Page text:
Local News

  • Photo: Keep calm, fall is coming
  • Radcliff men indicted in restaurant robbery

    Two Radcliff men charged in the Aug. 24 robbery of a Radcliff fast-food restaurant are set to be arraigned today in Hardin Circuit Court.

    Adam C. Charney, 30, and Richard C. Slaughter, 29, were indicted Thursday by a Hardin County grand jury.

    Charney faces charges of complicity to commit first-degree robbery and first-degree persistent felony offense. Slaughter is charged with complicity to commit first-degree robbery, menacing and trafficking in a synthetic cannabinoid agonist or piperazines.

  • Hodgenville man gains $10,000 in bar discrimination suit


    Landmark News Service

    The former owner of a Raywick bar has agreed to a $10,000 payment to settle a discrimination complaint stemming from an April 5, 2012 incident.

    Susan Riggle, the former owner of Susie’s Bottoms Up, agreed to make the payment to Naquan Thurman, a patron who was denied entrance to the bar because of his race. The payment was part of a conciliation agreement that the Kentucky Commission on Human Rights approved at its Aug. 15 meeting in Louisville.

  • Guthrie to hold Academy Day in Bardstown

    U.S. Rep. Brett Guthrie hosts an Academy Day information fair Saturday in Bardstown at Thomas Nelson County High School. The fair begins at 9:30 a.m.

    Academy Day is designed to help make the nomination and appointment application processes clearer and easier for students who hope to attend one of the nation’s five service academies.

  • The ideology of health care integration

    Hardin Memorial Health is losing roughly $100,000 per physician annually through the acquisition of private physician groups — part of a sweeping trend in health care systems across Kentucky and southern Indiana.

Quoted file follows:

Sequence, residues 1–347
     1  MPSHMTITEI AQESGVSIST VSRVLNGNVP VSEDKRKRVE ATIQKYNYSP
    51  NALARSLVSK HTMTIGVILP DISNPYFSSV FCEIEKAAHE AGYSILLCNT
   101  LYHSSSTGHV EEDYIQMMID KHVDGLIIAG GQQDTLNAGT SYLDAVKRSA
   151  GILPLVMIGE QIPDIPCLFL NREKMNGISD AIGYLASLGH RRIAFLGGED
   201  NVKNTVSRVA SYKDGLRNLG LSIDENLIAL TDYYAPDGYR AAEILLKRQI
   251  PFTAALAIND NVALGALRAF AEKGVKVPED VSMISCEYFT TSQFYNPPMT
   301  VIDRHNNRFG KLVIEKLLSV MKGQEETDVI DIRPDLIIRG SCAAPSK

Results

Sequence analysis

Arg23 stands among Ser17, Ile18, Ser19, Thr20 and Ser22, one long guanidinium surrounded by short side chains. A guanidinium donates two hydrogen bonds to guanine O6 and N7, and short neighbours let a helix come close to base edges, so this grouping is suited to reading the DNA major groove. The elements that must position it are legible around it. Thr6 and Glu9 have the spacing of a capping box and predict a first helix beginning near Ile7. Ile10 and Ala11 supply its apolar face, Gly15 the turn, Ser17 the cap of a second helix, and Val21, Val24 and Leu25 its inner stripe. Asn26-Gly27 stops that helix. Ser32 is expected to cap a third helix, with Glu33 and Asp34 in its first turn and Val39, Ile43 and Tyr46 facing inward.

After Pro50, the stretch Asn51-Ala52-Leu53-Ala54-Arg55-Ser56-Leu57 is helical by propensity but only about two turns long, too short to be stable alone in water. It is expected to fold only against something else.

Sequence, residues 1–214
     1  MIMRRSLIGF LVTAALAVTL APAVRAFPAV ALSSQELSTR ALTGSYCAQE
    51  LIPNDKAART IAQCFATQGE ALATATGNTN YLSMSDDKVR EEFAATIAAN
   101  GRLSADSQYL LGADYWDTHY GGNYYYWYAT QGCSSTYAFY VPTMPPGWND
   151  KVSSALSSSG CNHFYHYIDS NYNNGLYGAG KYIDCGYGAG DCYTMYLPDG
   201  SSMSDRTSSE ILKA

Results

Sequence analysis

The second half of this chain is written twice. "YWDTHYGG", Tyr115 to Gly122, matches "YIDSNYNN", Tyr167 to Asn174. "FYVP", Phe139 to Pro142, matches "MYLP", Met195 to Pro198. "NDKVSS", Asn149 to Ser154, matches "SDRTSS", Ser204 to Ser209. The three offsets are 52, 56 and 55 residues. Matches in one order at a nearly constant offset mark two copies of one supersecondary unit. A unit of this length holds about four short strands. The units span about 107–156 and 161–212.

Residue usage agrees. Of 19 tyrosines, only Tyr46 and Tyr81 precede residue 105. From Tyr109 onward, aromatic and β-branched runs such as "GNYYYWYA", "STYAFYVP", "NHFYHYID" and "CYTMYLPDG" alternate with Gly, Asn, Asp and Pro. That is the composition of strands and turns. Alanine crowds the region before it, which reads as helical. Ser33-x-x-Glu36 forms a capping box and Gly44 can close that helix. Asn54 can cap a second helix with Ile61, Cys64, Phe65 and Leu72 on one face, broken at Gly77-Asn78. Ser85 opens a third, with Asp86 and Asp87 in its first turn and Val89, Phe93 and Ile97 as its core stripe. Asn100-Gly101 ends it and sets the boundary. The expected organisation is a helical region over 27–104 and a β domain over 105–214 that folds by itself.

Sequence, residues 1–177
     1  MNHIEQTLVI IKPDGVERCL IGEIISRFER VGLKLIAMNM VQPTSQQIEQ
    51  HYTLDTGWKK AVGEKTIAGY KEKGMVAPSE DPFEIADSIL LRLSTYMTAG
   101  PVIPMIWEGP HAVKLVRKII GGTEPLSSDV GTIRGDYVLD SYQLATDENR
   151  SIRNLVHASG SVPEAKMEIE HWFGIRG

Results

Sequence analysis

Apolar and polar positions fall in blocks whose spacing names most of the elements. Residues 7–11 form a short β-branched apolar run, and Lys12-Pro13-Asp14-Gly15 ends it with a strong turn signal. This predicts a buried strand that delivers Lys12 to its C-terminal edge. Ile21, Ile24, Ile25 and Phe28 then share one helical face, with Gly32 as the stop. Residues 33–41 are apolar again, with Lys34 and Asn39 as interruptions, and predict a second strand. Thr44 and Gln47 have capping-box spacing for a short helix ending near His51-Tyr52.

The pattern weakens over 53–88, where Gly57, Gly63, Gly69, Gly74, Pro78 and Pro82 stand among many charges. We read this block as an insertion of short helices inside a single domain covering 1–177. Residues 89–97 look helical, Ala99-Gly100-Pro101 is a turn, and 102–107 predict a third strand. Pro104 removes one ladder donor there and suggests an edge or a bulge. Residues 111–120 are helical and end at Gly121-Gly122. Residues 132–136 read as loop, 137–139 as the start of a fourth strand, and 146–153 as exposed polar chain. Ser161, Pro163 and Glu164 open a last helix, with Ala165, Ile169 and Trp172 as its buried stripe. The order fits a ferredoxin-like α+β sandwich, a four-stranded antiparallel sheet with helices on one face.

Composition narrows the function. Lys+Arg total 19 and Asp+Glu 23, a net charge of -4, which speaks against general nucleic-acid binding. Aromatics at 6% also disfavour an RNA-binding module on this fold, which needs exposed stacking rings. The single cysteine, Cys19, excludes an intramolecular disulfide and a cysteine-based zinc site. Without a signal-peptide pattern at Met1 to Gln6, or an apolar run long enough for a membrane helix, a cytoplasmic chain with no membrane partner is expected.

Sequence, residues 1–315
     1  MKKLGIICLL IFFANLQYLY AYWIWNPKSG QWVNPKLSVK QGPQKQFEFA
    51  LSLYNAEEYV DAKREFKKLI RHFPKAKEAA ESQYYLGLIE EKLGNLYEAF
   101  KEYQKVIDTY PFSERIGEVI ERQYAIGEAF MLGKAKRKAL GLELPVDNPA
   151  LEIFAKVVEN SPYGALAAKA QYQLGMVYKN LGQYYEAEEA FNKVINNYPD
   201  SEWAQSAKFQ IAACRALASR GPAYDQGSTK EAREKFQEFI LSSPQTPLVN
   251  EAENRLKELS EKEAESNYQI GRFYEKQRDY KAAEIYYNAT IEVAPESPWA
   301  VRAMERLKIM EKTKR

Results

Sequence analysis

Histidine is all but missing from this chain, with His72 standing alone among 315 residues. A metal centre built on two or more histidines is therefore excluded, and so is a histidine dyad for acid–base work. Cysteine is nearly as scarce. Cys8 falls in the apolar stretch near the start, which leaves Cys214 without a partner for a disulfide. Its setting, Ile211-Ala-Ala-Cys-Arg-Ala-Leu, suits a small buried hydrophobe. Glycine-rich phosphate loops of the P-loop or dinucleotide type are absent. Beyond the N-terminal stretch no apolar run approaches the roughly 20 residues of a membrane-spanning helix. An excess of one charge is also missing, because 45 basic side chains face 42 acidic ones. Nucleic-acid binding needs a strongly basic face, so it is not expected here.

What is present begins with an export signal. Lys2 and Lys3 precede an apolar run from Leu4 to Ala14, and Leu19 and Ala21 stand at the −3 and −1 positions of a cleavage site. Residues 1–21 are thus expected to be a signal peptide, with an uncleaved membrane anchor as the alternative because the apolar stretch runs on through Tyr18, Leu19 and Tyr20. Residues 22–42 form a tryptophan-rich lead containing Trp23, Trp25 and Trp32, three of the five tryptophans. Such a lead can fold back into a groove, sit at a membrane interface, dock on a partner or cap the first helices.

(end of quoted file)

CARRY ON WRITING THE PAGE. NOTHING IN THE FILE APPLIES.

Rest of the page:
Officials with HMH and Baptist Health care argued the losses must be couched by what the physicians bring to the table in terms of care and how integration of these physician groups into a larger network eventually provides more streamlined processes that lower costs for patients.

  • Wagers pleads guilty but mentally ill in hatchet slaying

    Four days after an Elizabethtown man was found competent to stand trial he pleaded guilty but mentally ill in the June 2012 hatchet slaying of a Clarkson man.

    As Jamie Wagers admitted Friday in Hardin Circuit Court to killing Christian F. Higdon last June in Elizabethtown, Higdon’s mother, Cindy, quietly sobbed in the gallery.

    Higdon, 20, was found dead June 16 in a yard at 45 Magers Drive. Wagers, 25, told Judge Ken Howard on Friday he intentionally swung a hatchet at Higdon, which struck him the head and caused his death.

  • R.R. ‘Babe’ Thomas dies

    When Sammy’s Market was open on East Western Avenue in Sonora, former Hardin County Judge-Executive R.R. “Babe” Thomas and Brother Mike Bell would meet for lunch every Friday at the store.

  • Army sets court-martial date in Fort Knox shooting

    The U.S. Army sergeant accused in the shooting death of a civilian Fort Knox employee will face a general court-martial early next year.

    Sgt. Marquinta E. Jacobs, 36, of Radcliff is charged with premeditated murder in the April 3 death of Lloyd Gibert, 51, an employee at Human Resources Command on post.

    On Friday, Fort Knox spokesman Kyle Hodges confirmed the Article 32 investigation into the case has concluded and a court-martial in Jacobs’ case is set for Jan. 6.

  • White Mills man convicted of sexual abuse

    A jury found a 63-year-old White Mills man guilty of first-degree sexual abuse Friday in Hardin Circuit Court.

    Glenn R. Goff was indicted in March 2012 on a charge of  first-degree sexual abuse, a Class D felony punishable by one to five years in prison. According to the indictment, Goff subjected a girl younger than 16 to sexual contact June 17, 2011.

    The jury recommended Goff serve a one-year sentence.

  • Disaster strikes LaRue farm again

    A LaRue County dairy farmer whose farm was hit by a tornado in June lost his legs Thursday in a self-propelled silage chopper.

    Gary Rock, who owns Rock Brothers Dairy Farm on Slack Road in Roanoke, was in a field cutting corn stocks when the self-propelled chopper apparently clogged, said Chris Loyall, Rock’s son-in-law and a firefighter at Radcliff Fire Department.

    When Rock attempted to clear the jam, he was pulled into the chopper, which amputated one leg and “mangled” the other, Loyall said.